No faults in John Green’s stars

The Fault In Our Stars and Looking For Alaska are two of the most successful novels by John Green of the six he has written. We take a look at the John Green books becoming popular around the halls

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Mackenzie Filkins, Arts & Entertainment Editor

When it comes to choosing a book to read I have some rules: no cancer books, no humor books, no books centered around a boarding school and never a book from a guy’s point of view, let alone a male author attempting to write as a female. John Green’s two novels Looking For Alaska and The Fault In Our Stars break all those rules. Not only did he get my attention and a large number of other seahawk girls attention but also many other young adults. Enough to be a New York Times bestseller, Wall Street Journal bestseller, Indiebound bestseller and countless others.

Green’s first novel to be published got him a Michael L. Printz Award. Looking For Alaska begins with sixteen year-old Miles not able to find the “Great Perhaps” which he has only read about in his dad’s memoirs. In order to find it, Miles leaves his friendless school in Florida and enrolls himself in Culver Creek Preparatory High School in Alabama. Once there he finds Chip Martin who is referred to as “The Colonel,” Takumi the MC, Lara from Romania and Alaska Young. Miles finds Alaska beautiful and fascinating, despite her roller coaster of emotions.

Greens latest novel, The Fault In Our Stars, is about a sixteen year old girl named Hazel Grace Lancaster. She was diagnosed with terminal thyroid cancer when she was thirteen. Her life has taken a slow course, living for her parents and waiting for the next doctors appointment. Until she meets Gus, formerly diagnosed with osteosarcoma, at the Cancer Kid Support Group. Together they form a bond that looks past Hazel’s oxygen tank and Gus’s prosthetic leg. John Green has made it clear that his book was not created to give a message that cancer kids exist to make the healthy ones grateful. Perhaps this is why John Green’s novel is more successful than the average cancer based book.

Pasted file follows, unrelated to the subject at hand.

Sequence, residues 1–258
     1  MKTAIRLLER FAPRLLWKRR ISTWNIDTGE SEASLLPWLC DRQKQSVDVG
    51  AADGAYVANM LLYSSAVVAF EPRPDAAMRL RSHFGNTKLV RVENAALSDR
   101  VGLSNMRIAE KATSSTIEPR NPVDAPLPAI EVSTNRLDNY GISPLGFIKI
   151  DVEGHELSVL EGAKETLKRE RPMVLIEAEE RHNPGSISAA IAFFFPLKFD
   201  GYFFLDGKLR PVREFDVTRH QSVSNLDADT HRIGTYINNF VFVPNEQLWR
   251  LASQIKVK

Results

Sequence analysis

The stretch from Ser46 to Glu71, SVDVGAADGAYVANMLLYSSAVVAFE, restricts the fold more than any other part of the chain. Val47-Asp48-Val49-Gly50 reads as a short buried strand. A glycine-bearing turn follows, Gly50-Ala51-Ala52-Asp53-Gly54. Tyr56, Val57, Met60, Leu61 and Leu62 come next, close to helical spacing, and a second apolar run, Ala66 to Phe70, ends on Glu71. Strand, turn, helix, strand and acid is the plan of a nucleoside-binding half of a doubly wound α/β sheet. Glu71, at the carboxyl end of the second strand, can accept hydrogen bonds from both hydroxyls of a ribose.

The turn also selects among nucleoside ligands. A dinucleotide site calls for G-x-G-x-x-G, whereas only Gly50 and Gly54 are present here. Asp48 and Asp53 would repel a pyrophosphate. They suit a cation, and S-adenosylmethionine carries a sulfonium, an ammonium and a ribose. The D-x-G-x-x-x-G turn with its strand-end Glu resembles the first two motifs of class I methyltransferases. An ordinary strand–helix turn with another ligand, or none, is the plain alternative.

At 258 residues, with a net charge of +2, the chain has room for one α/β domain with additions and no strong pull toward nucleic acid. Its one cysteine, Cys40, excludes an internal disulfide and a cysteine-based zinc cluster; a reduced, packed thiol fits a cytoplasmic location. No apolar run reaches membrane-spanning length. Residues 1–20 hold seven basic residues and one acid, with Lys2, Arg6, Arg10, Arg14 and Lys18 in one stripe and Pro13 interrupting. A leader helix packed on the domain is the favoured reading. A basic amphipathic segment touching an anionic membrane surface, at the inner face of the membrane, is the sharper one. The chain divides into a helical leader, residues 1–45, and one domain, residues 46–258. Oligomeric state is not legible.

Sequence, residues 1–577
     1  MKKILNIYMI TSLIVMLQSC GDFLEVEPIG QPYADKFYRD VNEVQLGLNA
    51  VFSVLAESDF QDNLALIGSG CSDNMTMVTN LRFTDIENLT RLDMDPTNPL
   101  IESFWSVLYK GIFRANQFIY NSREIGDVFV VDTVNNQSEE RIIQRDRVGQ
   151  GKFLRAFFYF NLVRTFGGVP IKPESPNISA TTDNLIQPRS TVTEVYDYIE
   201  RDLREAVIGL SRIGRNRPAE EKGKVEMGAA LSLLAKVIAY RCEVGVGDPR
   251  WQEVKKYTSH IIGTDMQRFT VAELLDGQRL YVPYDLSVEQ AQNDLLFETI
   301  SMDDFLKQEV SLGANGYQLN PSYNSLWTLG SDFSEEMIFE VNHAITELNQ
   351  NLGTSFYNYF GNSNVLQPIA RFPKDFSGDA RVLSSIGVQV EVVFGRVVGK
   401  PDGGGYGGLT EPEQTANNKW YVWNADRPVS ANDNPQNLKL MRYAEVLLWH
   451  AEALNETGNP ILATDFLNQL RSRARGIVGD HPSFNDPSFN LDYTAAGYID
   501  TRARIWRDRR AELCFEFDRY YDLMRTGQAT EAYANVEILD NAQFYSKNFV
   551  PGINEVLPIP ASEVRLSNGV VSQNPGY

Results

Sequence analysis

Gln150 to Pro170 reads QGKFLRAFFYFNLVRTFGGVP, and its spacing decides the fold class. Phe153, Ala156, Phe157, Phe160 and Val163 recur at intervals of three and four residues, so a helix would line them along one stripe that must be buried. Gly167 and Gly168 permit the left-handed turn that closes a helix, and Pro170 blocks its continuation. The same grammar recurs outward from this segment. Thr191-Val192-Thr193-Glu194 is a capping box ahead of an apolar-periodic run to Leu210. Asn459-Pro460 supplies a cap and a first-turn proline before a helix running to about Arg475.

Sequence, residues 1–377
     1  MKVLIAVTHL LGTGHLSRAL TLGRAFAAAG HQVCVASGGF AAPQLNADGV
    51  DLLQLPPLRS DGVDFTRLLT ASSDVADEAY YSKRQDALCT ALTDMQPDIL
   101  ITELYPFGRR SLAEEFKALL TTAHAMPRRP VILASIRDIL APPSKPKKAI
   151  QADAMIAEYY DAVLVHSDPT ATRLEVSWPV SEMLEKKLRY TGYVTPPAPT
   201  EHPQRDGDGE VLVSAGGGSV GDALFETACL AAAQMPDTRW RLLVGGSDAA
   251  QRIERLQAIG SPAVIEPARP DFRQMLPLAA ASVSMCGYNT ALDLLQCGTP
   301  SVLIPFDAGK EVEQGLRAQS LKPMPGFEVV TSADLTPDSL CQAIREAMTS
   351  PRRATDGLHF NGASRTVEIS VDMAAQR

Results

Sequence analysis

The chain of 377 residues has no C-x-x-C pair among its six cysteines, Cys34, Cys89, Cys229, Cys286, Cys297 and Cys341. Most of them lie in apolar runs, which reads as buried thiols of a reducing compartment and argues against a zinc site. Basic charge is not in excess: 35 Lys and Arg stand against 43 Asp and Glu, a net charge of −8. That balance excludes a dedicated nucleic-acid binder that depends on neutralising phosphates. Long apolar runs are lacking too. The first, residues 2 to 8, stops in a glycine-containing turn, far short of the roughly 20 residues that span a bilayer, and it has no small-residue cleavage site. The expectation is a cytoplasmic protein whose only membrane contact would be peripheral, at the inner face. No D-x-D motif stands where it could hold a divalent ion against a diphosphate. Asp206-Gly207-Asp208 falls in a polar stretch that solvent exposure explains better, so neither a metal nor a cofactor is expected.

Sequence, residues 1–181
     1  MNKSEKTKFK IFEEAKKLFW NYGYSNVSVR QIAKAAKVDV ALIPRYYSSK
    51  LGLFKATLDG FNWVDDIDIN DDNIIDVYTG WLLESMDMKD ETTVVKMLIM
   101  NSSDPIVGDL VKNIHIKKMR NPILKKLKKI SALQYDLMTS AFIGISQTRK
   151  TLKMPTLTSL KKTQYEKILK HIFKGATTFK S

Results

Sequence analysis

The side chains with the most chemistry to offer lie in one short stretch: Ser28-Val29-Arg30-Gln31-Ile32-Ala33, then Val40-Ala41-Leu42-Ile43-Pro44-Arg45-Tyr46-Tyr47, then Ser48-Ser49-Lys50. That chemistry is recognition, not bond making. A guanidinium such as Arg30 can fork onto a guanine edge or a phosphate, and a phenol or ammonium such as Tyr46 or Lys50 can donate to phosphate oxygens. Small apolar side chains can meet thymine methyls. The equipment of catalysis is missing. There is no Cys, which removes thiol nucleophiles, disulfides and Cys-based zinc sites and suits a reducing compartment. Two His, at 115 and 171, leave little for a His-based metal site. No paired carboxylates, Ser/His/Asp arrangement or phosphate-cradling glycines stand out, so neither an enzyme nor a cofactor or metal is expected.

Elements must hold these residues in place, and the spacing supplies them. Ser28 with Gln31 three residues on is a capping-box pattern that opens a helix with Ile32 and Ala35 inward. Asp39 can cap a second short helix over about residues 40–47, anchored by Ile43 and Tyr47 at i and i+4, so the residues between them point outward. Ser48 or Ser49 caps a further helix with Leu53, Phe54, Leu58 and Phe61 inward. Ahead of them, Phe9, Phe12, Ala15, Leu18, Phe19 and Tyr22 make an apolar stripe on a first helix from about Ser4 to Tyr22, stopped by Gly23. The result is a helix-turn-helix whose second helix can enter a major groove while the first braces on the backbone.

Junior Emily Mishko says, “It was an emotional roller coaster that changed my life. Do I sound poetic, like John Green?”

What makes John Green’s multiple novels so enjoyable to read is not so much the topic, as it is his writing style. The characters are more entertaining to read about no matter who the character is. At times it may be difficult to get past the cheesiness behind The Fault In Our Stars but ultimately the book is somehow heart breaking and uplifting. His writing does not talk down to teenagers in a way that young adult books typically do. The theme of Looking For Alaska does not rest on the fact that teenagers have a lack of experience so they must be immature and unintelligent.

“He’s a very relatable author with good details in his writing,” Sophomore Morgan Blalock said.

Nowadays, Looking For Alaska is read in high school English classes which I am sure many students would take over books like Things Fall Apart. No offence to Chinua Achebe. The Fault In Our Stars is soon to premiere as a movie in June starring Shailene Woodley and Ansel Elgort. John Green also has a YouTube channel which he co-hosts with his brother, Hank Green, called vlogbrothers. Looking For Alaska and The Fault In Our Stars are books that make their audience laugh just as much as it makes them cry and I highly recommend reading them.

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